In the future, a time-traveling hit man comes face to face with his younger self; rated R (violence, nudity, language)
A fast-moving, brain-twisting thriller, with uncanny performances from Gordon-Levitt and Willis in what's almost a single role.
Joseph Gordon-Levitt, Bruce Willis, Emily Blunt
The future haunts the past in "Looper," a hugely entertaining, brain-twisting thriller starring Joseph Gordon-Levitt and Bruce Willis as a time-traveling hit man who becomes his own target. Everything shifts and changes in this Rubik's Cube of a movie, including Gordon-Levitt himself. He's become one of Hollywood's most familiar faces thanks to his high-profile turn in "The Dark Knight Rises," but in "Looper" he undergoes an astonishing transformation that leaves him virtually unrecognizable.
Gordon-Levitt plays Joe, a young assassin employed by the soothsaying gangster Abe (Jeff Daniels). It's easy work: Victims from the future suddenly appear before Joe's waiting blunderbuss, with payment conveniently strapped to their bodies. Eventually Joe will have to close his own loop, but as he wryly notes, "This job doesn't tend to attract the most forward-thinking people."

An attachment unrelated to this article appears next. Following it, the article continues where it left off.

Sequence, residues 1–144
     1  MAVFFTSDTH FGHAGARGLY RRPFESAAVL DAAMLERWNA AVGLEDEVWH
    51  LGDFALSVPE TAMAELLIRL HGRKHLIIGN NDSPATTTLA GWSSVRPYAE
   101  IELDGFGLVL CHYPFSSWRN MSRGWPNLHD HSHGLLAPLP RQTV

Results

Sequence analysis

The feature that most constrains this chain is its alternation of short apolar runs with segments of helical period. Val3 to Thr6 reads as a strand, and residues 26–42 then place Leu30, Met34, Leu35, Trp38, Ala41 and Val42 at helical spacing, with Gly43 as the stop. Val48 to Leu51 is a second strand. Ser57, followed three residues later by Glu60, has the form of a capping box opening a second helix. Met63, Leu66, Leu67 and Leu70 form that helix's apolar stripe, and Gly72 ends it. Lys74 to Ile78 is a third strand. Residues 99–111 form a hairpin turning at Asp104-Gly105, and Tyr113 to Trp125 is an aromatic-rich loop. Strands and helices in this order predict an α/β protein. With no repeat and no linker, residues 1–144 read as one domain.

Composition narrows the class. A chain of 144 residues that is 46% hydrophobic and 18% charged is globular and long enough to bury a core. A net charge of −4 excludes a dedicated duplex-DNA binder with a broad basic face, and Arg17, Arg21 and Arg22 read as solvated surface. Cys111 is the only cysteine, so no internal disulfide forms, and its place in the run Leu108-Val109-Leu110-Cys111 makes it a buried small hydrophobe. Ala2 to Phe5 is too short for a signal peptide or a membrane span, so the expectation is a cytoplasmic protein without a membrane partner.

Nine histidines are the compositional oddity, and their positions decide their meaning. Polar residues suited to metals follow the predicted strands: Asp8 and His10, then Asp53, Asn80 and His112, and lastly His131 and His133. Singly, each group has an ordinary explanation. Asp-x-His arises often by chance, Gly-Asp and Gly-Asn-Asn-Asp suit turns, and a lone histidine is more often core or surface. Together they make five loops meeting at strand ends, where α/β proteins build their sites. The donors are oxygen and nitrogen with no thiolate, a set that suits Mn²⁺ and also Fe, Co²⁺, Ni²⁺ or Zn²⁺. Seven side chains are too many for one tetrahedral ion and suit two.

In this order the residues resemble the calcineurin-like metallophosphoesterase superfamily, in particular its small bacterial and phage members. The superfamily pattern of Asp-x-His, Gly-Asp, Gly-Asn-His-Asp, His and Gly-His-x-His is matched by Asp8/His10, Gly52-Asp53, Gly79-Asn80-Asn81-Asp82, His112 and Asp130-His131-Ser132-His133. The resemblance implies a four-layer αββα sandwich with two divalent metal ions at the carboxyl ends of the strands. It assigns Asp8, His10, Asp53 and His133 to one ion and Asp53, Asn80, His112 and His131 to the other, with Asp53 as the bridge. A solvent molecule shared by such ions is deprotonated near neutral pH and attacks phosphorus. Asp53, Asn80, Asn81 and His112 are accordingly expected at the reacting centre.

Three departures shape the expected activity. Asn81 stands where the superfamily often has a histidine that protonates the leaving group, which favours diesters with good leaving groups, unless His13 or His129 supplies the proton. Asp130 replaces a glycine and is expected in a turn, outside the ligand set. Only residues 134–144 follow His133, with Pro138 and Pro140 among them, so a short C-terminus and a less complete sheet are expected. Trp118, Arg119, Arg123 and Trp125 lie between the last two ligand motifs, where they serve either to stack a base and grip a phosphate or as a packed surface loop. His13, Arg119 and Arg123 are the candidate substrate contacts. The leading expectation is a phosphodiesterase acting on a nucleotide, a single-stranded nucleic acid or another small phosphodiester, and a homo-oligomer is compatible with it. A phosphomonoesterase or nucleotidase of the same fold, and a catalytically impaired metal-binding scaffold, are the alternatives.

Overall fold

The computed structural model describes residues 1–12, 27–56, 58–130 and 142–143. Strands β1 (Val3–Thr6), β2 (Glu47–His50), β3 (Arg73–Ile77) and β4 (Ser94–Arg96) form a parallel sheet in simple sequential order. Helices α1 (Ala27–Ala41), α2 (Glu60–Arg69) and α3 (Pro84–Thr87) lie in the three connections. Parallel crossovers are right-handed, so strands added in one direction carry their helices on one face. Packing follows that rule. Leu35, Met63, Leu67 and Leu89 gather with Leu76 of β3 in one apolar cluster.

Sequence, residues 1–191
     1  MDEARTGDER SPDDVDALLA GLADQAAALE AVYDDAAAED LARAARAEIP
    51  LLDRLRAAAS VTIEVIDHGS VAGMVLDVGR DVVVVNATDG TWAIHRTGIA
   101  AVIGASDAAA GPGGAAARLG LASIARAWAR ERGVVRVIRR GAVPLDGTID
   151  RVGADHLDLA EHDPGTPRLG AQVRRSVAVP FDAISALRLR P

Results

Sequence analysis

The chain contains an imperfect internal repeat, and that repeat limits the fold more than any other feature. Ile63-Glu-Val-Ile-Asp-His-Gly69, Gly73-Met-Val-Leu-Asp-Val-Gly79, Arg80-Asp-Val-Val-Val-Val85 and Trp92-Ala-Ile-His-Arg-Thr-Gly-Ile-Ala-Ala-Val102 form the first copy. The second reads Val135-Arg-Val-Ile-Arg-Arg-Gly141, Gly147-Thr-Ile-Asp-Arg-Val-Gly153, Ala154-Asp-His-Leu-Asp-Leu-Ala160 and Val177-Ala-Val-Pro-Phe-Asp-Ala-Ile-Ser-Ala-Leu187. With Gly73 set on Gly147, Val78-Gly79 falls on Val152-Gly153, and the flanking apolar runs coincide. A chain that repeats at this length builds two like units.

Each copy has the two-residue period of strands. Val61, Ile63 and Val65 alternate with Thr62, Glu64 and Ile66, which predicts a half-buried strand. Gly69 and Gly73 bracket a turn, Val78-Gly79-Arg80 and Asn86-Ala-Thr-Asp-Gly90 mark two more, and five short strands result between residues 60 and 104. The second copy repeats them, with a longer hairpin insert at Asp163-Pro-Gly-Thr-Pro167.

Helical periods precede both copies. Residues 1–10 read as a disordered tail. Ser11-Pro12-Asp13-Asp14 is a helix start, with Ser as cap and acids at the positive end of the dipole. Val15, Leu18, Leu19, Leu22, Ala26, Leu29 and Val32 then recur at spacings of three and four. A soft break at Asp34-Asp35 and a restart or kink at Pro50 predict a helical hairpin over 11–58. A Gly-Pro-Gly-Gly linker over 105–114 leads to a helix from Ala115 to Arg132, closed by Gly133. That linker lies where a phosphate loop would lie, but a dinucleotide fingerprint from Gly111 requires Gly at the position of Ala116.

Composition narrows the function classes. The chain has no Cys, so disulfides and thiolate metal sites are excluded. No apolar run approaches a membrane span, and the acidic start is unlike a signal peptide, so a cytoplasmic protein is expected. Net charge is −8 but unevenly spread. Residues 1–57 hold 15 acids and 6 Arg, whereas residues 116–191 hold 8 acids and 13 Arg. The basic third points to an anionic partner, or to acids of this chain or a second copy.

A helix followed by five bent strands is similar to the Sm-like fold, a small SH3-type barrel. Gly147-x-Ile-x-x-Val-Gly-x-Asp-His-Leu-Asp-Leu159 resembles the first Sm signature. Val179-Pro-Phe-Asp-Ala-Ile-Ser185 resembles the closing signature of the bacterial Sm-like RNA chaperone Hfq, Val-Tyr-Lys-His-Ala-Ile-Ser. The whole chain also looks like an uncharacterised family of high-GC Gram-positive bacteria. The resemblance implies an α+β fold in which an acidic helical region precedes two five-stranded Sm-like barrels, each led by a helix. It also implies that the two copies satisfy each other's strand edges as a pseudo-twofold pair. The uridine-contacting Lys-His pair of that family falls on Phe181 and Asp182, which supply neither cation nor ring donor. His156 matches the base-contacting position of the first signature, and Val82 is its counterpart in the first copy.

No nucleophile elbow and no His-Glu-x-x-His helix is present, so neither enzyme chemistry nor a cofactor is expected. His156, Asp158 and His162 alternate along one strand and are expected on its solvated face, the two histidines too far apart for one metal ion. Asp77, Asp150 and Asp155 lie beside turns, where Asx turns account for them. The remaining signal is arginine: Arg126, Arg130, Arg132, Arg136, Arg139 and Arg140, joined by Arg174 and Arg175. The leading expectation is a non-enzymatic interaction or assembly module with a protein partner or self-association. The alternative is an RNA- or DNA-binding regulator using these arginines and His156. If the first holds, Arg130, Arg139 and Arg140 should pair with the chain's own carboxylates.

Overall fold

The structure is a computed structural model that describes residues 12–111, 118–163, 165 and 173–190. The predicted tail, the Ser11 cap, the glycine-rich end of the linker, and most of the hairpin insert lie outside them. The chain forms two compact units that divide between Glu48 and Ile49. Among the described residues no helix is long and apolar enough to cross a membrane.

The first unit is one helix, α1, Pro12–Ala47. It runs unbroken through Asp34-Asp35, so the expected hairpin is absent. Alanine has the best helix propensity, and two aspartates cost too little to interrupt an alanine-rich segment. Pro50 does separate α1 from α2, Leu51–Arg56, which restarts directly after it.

But his older self (a weary, wonderful Willis) doesn't plan to go quietly. Old Joe has a wife worth reliving for, and his best chance is to eliminate a shadowy figure who will become a future threat. While young Joe literally chases his own tail, he hides on a lonely farm with Sara (Emily Blunt) and her sweet but troubled son, Cid (Pierce Gagnon).
"Looper" is the first wide release from writer-director Rian Johnson ("The Brothers Bloom"), an under-the-radar genius who cast Gordon-Levitt in the 2005 cult film "Brick." Returning the favor, the actor plays Joe under elaborate but almost invisible makeup, by Kazuhiro Tsuji, which subtly reshapes his face toward Willis-ness. It's an imperfect effect, but Gordon-Levitt's canny performance helps, particularly when the Joes face off at a diner (over identical plates of steak and eggs).
The relatively low-budget "Looper" will draw inevitable comparisons to Christopher Nolan's outsize "Inception" (also with Gordon-Levitt), but this is a funnier, rougher (and much shorter) movie. Johnson's action scenes occasionally stumble, but the devilishly clever script makes "Looper" a thrilling, dizzying ride.
PLOT In the future, a time-traveling hit man comes face to face with his younger self.
RATING R (violence, nudity, language)
BOTTOM LINE A fast-moving, brain-twisting thriller, with uncanny performances from Gordon-Levitt and Willis in what's almost a single role.